Unformatted text preview: sing UDP (to avoid the overhead of TCP connections) but many of the desirable
features (dynamic timeout and retransmission, congestion avoidance, etc.) are placed into
the application, where they're reinvented over and over again.
A better solution is to provide a transport layer that provides efficient handling of
transactions. The transaction protocol we describe in this section is called T/TCP. Our
description is from its definition, RFC 1379 [Braden 1992b] and [Braden 1992c].
Most TCPs require 7 segments to open and close a connection (see Figure 18.13). Three
more segments are then added: one with the request, another with the reply and an ACK
of the request, and a third with the ACK of the reply. If additional control bits are added
onto the segments-that is, the first segment contains a SYN, the client request, and a FINthe client still sees a minimal overhead of twice the RTT plus SPT. (Sending a SYN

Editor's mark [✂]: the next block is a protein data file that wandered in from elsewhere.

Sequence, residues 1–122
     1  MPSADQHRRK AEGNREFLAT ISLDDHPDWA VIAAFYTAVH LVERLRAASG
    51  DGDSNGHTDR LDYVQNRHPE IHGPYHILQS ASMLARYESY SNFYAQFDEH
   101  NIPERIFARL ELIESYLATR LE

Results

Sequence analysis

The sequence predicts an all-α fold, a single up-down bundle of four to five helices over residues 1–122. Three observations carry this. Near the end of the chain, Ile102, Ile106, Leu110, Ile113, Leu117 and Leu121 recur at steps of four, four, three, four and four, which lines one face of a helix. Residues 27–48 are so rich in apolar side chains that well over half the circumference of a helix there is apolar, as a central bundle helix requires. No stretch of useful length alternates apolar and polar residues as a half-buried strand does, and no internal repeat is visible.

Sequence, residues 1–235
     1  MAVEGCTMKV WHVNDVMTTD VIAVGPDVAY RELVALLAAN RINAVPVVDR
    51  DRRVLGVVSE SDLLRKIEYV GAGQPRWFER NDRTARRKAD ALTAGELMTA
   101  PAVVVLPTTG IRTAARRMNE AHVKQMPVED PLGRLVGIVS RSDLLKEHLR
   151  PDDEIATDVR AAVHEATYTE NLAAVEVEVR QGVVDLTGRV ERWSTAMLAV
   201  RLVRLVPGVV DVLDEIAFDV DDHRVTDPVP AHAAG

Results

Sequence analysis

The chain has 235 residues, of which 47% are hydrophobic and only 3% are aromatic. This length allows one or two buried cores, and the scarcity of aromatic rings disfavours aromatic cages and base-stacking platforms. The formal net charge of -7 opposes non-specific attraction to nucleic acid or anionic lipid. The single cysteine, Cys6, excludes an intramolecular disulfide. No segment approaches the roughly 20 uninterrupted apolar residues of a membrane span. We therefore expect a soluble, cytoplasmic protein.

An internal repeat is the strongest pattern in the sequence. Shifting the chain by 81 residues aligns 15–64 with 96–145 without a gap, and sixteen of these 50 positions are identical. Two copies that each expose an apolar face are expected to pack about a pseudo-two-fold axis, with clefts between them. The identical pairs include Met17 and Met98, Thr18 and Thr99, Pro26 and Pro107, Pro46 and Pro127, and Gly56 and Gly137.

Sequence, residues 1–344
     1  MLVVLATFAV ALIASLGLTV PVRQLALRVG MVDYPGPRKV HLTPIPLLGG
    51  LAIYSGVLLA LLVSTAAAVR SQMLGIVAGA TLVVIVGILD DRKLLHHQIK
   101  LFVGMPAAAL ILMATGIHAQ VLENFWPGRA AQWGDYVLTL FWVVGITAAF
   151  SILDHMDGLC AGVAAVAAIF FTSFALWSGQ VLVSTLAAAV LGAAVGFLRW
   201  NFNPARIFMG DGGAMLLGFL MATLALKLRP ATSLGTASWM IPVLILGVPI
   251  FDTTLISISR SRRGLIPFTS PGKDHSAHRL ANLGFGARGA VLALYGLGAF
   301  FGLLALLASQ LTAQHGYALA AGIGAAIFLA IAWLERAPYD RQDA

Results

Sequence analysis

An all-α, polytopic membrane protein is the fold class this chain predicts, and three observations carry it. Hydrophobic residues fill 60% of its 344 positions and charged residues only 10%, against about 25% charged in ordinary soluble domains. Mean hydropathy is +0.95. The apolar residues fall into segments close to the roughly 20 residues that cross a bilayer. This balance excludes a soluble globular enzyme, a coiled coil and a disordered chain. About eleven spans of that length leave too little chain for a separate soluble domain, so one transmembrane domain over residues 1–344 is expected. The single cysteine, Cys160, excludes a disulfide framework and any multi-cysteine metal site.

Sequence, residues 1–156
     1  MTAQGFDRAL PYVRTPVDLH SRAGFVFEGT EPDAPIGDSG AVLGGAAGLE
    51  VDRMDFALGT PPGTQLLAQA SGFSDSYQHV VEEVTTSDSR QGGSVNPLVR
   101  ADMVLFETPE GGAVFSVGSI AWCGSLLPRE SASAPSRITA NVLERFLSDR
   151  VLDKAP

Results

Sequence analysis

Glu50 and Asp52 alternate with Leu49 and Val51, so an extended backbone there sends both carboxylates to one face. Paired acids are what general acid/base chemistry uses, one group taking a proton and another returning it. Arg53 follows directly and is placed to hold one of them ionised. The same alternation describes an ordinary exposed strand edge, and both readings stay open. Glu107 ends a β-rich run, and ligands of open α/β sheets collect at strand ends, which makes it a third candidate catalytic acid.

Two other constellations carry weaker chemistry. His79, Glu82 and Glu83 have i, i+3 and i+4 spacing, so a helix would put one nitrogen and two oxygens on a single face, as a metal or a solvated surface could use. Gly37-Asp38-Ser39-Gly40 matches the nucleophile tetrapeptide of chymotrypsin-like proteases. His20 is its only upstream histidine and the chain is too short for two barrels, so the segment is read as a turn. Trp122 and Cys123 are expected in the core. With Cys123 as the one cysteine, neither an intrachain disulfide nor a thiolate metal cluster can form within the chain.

along with data and a FIN is legal; whether current TCPs handle it correctly is another
Another problem with TCP is the TIME_WAIT state and its required 2MSL wait. As
shown in Exercise 18.14, this limits the transaction rate between two hosts to about 268
The two modifications required for TCP to handle transactions are to avoid the three-way file:///D|/Documents%20and%20Settings/bigini/Docu.../homenet2run/tcpip/tcp-ip-illustrated/tcp_fut.htm (16 of 20) [12/09/2001 14.47.34] Chapter 24. TCP Futures and Performance handshake and shorten the TIME_WAIT state. T/TCP avoids the three-way handshake
by using an accelerated open:
1. It assigns a 32-bit connection count (CC) value to connections it opens, either
actively or passively. A host's CC value is assigned from a global counter that gets
incremented by 1 each time it's used.
2. Every segment between two hosts using T/TCP includes a new TCP option named
CC. This option has a length of 6 bytes and contains the sender's 32-bit CC value
for the connection.
3. A host maintains a per-host cache of the last CC value recei...
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This test prep was uploaded on 04/04/2014 for the course ECE EL5373 taught by Professor Guoyang during the Spring '12 term at NYU Poly.
- Spring '12